If you’re expecting a ‘Blue Peter’ style tutorial on how to turn a squeezy liquid bottle, some sticky back plastic and some felt into your very own cuddly unicorn, then I’d better explain (sorry if you know this already!) that a unicorn, in business terms, is a start-up that has managed to achieve a valuation of more than $1 billion.

They’re called unicorns because they are rare beasts indeed – there are around 260 or so in the world, mostly from the US and China, but with about 22 of them based in the UK. You’ll know some of the UK names – Deliveroo, Just Eat, and BrewDog, for example.

While many unicorns are pure tech companies (like DNA sequencing specialists Oxford Nanopore Technologies), a lot of them use tech to create on-demand service-based companies – Uber is a classic example. These kinds of start-ups reinvent an existing industry, often using tech, like smartphones, to connect the end user with the supplier directly. In many cases, they aren’t suppliers themselves – they don’t need to be.

Now the company I run, StreetPR, part of Crowdify Global, has actually worked with a number of on-demand service provider start-ups (including a couple of the UK unicorns mentioned above), providing brand ambassadors and acquisition marketing strategies to promote and explain their services to their target audiences.

That may sound odd – why would a tech company use face-to-face marketing to reach consumers? – but in fact it makes perfect sense. What a lot of these start-ups need initially is an education and activation campaign – this is what we do, this is how we do it, this is how easy it is for you to use, this is how it will change your life for the better, and here’s a voucher off your first try…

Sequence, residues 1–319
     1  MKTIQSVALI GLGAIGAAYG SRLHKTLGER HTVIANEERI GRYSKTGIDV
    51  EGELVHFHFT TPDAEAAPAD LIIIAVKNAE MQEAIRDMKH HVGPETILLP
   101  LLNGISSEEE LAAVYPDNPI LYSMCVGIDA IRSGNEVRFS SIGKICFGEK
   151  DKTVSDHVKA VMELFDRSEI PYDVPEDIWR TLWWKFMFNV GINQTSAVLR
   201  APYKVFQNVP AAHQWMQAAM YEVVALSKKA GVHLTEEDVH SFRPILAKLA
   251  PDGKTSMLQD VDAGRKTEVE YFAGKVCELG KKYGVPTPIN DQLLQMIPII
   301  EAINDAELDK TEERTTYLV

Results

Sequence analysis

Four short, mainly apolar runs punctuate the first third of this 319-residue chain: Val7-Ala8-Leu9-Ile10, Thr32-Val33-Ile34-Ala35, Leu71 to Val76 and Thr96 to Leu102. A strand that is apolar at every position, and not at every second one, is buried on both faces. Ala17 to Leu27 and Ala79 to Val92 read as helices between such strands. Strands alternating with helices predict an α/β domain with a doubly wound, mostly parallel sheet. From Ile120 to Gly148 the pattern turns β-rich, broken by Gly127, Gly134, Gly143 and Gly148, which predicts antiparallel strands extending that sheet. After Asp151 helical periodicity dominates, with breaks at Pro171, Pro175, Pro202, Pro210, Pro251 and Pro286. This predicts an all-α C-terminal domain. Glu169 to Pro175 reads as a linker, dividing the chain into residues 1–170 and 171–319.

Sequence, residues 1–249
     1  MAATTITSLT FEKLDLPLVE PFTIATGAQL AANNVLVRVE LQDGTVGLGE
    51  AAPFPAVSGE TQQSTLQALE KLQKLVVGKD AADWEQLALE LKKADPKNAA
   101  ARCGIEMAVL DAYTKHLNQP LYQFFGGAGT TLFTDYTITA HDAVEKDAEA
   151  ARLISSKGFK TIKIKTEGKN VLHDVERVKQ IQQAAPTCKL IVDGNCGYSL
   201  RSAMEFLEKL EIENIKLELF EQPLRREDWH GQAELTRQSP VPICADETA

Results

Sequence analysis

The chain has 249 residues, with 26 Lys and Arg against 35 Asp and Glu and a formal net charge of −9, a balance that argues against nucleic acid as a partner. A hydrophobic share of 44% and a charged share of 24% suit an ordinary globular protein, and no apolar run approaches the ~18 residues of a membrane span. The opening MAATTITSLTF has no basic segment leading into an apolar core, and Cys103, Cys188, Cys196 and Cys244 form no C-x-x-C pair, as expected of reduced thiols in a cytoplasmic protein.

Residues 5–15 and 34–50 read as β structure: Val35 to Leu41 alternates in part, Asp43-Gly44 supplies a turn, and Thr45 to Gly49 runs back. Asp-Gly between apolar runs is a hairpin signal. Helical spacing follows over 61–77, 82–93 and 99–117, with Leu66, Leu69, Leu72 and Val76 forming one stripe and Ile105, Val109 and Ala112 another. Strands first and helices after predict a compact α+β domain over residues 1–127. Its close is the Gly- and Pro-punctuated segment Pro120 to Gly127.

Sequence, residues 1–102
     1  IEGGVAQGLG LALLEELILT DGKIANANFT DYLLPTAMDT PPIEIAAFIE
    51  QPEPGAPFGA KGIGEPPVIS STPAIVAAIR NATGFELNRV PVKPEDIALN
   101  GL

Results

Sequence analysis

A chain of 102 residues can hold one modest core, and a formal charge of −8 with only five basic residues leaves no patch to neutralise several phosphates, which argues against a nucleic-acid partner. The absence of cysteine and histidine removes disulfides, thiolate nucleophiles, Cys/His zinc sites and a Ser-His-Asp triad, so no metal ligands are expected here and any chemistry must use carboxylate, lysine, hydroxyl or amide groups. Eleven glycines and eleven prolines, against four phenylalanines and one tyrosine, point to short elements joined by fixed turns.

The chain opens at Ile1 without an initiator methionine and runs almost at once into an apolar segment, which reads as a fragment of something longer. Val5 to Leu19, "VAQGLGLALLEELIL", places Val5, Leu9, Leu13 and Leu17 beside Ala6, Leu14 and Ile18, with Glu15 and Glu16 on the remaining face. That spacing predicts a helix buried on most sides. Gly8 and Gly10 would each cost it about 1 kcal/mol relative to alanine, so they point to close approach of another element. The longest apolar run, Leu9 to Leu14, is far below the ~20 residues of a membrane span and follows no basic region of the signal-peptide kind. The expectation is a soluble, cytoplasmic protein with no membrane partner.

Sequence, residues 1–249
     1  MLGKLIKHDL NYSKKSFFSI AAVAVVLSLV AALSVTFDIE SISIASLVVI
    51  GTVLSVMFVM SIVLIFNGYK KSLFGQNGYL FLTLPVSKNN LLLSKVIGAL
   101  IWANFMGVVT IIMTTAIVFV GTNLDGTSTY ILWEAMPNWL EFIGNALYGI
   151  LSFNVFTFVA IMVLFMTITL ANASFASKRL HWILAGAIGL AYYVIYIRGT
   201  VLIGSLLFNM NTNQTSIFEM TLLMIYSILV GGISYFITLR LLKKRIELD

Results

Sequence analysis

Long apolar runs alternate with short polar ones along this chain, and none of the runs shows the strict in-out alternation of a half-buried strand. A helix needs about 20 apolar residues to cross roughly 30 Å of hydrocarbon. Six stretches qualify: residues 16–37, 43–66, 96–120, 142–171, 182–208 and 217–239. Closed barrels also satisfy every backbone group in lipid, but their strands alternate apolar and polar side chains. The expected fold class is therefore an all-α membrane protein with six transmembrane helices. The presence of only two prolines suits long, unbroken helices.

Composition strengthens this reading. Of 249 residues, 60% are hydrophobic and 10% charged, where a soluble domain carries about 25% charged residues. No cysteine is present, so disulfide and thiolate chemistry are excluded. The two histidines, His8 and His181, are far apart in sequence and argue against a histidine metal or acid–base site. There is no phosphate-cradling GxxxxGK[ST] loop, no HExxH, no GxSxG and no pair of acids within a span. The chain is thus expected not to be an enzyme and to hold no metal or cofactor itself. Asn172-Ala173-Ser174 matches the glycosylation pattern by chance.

Traditional mass marketing – even when it’s online – is very wasteful for start-ups like this. They need something cost-effective right from the start. Brand Ambassadors, on the other hand, can be incredibly targeted.

Using temporary marketing staff to deliver high-octane, high impact face-to-face campaigns also means start-ups can get the most bang for their marketing bucks, without the costs of setting up a permanent marketing department – they can also respond quickly to new opportunities by putting more feet on the street if they need to.

Maybe you’re a new company that has created a mobile app for college students to keep on top of their bills or perhaps you have an on-demand service that lets busy City types (lawyers and bankers, say) arrange for their laundry to be collected, cleaned and delivered back to them, at times that suit them (sorry, accidental pun there).

Then you need to target your audience where they are. For example, leafleting around campus may be a good way to alert students to an activation; setting up a stall with a demo works even better – so long as you have good wi-fi connectivity! Or you want to hit major London train and tube stations at morning and evening rush hour and major food hubs at lunchtime, handing out leaflets offering discounts and demoing the service.

By the way, face-to-face staff aren’t just for recruiting consumers – we’ve worked with a number of start-ups which have used our people to recruit local shops to act as agents for them (like Danish left-luggage service provider, LuggageHero) or to sell their products in to bars, clubs, restaurants and gyms.

This isn’t rocket science – but it can provide a much-needed, cost-effective boost to your launch or your UK growth plans.

On-demand services are increasingly filling a series of business niches, revitalising service sectors that had become stale by creating platforms that take away the middle-men, allow user and provider to communicate directly, and cut costs at both ends.

But like I say, it is incredibly difficult to get the benefits of an on-demand service across in a newspaper or magazine ad; TV and radio don’t work that much better; and online marketing is great – if the only people you want to reach are stuck in the office eating a sandwich ‘al desko’…

The point is, if you can engage your target audience where they shop, eat, play and live with something tangible, then you’ll get much better take-up.

Trust me – I may not look like someone who believes in magical mystical creatures, but I’ve worked with more than one unicorn in my time…

By James Rix, CEO of Crowdify Global

Photo by Wilmer Martinez on Unsplash